There was a letter in the Guardian this morning from the three denominations seeking this change: Church partnerships.
Richard Harries has written an article, now available at Cif belief Commitment we should encourage. Here is part of what he says:
…Some Church of England bishops, who were hardly enthusiastic about civil partnerships in the first place, fear that if this is allowed it would blur the distinction [between] them and marriage. But this is a fundamental issue of religious freedom. On what grounds can any body claim religious freedom for itself but deny it to others? The bishops may or may not approve of what Quakers, Liberal Jews and Unitarians want, but that is beside the point. What these bodies want would harm no one, and it accords with their deepest religious convictions. Religious freedom is indivisible. The only reason for denying it must be that of John Stuart Mill, namely if some public harm would result.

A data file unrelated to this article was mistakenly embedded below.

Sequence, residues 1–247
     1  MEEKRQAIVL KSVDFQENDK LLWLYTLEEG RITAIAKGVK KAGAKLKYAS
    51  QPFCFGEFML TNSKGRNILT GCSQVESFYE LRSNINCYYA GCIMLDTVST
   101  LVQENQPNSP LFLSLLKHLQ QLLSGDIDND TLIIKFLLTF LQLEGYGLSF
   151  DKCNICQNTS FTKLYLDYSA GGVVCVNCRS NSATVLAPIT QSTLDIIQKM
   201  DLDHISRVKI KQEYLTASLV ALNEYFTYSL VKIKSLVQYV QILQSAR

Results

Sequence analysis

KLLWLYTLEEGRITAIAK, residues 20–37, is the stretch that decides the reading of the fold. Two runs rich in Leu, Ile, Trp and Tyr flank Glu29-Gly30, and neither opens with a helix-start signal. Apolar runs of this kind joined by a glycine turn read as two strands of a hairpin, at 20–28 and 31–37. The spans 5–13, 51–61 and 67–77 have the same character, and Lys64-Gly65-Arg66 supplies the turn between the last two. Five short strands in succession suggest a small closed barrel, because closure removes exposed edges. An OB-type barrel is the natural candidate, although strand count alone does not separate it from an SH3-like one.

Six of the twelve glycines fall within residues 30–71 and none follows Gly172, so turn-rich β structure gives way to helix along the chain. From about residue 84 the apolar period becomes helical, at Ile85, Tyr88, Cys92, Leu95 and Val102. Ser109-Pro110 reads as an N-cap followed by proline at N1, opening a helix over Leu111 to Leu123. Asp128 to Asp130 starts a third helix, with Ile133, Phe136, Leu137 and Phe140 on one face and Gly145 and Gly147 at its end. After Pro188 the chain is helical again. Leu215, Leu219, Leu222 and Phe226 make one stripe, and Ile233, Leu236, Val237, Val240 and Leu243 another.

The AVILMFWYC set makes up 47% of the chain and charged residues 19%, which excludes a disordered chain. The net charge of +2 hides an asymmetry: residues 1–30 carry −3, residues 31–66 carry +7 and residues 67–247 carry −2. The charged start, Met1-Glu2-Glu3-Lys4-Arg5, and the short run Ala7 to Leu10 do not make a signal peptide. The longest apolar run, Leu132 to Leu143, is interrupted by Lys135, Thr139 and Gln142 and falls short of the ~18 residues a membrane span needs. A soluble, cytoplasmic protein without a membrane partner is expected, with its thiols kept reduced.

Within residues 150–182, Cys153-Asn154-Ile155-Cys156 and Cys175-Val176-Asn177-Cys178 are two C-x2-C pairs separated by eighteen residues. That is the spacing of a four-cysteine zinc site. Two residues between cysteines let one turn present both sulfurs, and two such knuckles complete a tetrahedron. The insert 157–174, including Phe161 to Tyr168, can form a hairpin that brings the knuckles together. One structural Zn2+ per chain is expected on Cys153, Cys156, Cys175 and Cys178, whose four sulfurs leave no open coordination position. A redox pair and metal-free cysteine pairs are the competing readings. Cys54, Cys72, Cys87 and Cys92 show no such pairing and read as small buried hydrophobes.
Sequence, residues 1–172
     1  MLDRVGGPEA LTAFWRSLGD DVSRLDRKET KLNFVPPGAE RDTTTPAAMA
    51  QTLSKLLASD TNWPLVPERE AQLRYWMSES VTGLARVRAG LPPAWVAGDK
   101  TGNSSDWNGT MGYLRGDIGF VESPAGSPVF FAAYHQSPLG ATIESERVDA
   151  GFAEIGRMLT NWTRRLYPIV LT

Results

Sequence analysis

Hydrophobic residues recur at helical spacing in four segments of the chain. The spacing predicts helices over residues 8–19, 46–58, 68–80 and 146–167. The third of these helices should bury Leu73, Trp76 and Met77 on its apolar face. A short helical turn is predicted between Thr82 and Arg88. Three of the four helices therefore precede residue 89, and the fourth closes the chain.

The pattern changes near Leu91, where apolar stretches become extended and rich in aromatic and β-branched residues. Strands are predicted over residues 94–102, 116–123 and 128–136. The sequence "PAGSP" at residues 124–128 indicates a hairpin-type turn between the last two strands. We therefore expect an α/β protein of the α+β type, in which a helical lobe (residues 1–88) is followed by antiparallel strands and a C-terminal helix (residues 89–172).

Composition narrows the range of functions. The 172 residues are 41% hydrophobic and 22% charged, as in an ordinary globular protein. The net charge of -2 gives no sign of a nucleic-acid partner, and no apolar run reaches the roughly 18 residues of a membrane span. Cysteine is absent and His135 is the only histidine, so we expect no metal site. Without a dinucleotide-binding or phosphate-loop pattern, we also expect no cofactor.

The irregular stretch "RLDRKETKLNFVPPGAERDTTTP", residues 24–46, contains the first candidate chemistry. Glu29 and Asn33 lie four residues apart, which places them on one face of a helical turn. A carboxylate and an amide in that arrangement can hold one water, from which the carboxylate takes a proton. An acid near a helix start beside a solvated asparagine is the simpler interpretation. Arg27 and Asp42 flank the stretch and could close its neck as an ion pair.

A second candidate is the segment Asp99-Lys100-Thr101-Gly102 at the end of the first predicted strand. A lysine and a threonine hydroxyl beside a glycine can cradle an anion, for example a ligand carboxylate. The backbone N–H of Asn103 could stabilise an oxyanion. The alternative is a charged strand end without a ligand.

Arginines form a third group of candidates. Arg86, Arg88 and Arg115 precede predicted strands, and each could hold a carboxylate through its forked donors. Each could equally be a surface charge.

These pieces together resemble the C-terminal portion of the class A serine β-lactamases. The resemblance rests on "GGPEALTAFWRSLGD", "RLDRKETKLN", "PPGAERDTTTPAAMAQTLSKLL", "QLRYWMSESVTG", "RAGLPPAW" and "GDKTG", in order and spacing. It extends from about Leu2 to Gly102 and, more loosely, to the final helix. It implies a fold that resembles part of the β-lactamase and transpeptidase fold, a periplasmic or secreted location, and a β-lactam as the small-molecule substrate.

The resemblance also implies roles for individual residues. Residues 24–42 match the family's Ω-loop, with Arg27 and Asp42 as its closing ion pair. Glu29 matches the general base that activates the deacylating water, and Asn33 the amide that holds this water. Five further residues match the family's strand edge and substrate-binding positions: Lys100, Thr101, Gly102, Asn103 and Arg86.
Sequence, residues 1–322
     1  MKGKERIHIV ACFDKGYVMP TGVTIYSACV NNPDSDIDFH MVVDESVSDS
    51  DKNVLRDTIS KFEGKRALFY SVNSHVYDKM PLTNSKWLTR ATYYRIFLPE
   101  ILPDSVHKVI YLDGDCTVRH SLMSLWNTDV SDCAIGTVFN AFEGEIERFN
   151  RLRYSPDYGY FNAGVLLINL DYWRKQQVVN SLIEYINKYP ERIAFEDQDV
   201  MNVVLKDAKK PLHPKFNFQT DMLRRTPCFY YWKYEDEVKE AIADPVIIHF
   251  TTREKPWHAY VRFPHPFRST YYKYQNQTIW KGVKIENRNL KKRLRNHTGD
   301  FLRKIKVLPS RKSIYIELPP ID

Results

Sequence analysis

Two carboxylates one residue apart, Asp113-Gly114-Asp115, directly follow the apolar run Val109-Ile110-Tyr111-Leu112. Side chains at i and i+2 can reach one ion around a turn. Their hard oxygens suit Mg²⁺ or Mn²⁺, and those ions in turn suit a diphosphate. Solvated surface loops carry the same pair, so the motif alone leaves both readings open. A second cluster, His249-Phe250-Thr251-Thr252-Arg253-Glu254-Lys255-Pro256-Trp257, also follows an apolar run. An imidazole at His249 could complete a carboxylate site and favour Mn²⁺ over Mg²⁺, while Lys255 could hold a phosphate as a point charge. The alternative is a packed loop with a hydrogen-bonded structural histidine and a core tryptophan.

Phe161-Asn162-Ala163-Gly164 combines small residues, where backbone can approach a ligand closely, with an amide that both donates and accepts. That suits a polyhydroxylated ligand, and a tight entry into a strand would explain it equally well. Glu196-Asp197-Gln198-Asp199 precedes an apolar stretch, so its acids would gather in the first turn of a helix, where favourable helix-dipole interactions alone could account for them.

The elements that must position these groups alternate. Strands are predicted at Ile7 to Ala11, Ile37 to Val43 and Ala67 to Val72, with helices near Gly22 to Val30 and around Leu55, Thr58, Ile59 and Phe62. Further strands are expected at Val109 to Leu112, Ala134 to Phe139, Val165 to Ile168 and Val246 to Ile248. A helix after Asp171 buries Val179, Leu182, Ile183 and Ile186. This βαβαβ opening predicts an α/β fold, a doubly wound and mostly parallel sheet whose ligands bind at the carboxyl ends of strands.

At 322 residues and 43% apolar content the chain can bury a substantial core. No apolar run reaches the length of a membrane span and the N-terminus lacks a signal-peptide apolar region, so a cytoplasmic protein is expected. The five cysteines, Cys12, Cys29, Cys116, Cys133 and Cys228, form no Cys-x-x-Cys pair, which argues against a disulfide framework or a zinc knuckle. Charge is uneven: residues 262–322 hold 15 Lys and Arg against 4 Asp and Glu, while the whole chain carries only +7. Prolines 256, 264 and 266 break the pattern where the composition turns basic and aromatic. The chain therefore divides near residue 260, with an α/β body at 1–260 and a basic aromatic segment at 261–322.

The harm to be taken into account need not be only physical, as race relations legislation shows. So it could be argued that allowing some faith communities to perform civil ceremonies on their premises was harmful in the sense that it undermines the institution of marriage in our society. But just the opposite is true. If we accept the argument that we need to retain both the term marriage and the term civil partnership, and that they are not identical, it seems to me clear from a Christian point of view that a ceremony in which two people commit themselves to a faithful, lifelong relationship before witnesses, partakes of the nature of a marriage. As such, from a Christian point of view, it can also express the biblical truth that such a relationship reflects the undeviating faithfulness of God towards us and which, according to St Paul, has its prototype in the relationship of christ to his church…